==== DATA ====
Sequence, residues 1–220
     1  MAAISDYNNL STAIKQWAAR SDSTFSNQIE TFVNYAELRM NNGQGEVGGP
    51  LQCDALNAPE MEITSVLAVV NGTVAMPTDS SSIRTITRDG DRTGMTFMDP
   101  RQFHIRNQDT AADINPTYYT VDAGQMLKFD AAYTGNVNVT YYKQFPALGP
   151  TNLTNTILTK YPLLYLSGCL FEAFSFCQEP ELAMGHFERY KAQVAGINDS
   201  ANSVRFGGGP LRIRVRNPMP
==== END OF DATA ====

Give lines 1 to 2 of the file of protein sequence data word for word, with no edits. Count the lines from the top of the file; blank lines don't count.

Sequence, residues 1–220
     1  MAAISDYNNL STAIKQWAAR SDSTFSNQIE TFVNYAELRM NNGQGEVGGP